Cyprus rejects Russian claims of US military build-up
NICOSIA, Cyprus (AP) — Cyprus’ foreign minister has rejected Russian claims that the U.S. is looking to set up a military base on the east Mediterranean island as a bulwark against expanding Russian influence in the region.
Nikos Christodoulides said Friday that he called his Russian counterpart to convey Cyprus’ “grave concern” over the remarks from Russian Foreign Ministry spokeswoman Maria Zakharova.
“On the one hand, they don’t correspond with reality and on the other, they’re in breach of diplomatic decorum,” Christodoulides told private TV station Sigma.
Christodoulides said Cyprus receives many foreign government requests to act as a potential waystation for evacuated citizens in case of a regional crisis. The minister told parliament recently that last year, the Cypriot government had permitted the use of the country’s airports for humanitarian missions on 672 separate occasions as well as use of its ports 225 times.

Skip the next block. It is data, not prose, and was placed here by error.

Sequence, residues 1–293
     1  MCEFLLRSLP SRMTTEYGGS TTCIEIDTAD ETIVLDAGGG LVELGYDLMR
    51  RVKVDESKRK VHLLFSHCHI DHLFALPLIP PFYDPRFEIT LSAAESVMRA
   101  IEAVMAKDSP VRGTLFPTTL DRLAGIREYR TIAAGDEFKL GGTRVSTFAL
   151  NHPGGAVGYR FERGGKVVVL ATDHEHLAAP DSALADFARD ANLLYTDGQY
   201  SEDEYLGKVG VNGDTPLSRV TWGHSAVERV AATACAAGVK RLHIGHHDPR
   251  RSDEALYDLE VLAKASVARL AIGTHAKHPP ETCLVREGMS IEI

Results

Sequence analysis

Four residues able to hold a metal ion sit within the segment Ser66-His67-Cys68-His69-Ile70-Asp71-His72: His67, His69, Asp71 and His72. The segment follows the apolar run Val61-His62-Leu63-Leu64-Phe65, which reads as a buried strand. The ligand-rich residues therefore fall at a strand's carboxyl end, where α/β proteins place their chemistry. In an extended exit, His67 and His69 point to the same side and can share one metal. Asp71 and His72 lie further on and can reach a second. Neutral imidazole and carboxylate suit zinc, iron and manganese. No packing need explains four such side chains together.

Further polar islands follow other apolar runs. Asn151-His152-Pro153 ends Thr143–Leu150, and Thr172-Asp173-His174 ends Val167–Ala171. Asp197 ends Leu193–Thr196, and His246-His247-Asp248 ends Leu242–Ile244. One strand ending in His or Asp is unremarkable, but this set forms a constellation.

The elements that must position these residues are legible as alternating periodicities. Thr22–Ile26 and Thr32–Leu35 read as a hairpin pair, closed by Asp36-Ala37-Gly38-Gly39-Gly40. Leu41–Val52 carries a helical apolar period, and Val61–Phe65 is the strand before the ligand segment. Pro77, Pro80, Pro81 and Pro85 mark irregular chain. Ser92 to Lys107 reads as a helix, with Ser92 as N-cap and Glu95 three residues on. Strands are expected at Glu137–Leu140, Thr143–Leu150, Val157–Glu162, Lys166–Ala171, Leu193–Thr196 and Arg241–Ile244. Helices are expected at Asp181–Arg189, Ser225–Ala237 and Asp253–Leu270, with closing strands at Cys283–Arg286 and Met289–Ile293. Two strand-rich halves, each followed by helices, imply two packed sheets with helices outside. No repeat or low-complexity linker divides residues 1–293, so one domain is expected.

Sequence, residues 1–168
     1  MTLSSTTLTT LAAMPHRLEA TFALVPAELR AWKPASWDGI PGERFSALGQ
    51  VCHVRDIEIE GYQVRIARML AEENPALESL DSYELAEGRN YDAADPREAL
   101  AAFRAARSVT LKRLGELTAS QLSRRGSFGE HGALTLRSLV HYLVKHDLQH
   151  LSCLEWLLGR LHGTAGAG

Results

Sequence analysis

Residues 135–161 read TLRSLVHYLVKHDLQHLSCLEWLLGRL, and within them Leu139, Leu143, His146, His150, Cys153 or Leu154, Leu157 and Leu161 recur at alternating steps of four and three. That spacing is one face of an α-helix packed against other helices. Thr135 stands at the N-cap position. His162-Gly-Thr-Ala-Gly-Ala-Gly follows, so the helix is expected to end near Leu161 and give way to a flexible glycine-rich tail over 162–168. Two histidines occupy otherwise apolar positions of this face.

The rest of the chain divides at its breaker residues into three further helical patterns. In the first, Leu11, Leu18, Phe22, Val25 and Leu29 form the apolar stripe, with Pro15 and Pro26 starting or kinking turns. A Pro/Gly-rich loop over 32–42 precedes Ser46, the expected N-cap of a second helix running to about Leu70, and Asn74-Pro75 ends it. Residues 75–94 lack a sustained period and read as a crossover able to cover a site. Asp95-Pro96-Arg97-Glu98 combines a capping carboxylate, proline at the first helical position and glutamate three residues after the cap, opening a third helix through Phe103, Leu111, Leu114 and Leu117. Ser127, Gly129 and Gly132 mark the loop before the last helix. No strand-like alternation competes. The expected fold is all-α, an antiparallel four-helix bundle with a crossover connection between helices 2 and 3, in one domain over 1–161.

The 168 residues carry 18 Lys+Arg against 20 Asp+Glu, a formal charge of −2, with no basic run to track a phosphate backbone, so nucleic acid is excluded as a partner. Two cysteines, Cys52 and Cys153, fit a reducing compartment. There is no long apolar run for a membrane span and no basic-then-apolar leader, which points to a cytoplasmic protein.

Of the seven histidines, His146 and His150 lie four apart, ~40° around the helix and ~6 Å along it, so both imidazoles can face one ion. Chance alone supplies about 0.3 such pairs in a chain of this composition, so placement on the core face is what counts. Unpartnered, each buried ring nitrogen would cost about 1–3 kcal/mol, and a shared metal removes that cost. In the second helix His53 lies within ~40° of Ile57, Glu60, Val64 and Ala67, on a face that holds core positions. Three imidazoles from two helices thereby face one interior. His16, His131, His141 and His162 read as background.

Citing “several sources,” Zakharova said Wednesday that U.S. officials had recently inspected military installations on Cyprus with the aim to set up a “forward deployment base for U.S. forces.”
She also said Moscow had warned Cyprus that attempts to bring the country into U.S. and NATO plans for the region would entail “retaliatory action.”
The remarks appeared to put strain on Cyprus’ long-standing friendly relations with Russia, but Cyprus government spokesman Prodromos Prodromou said the matter is considered closed.
Last month, Christodoulides and U.S. Assistant Secretary of State Wess Mitchell signed an agreement to look at ways of expanding cooperation on bolstering regional security.
Christodoulides ruled out seeking NATO’s security blanket as part of any efforts to reunify ethnically divided Cyprus.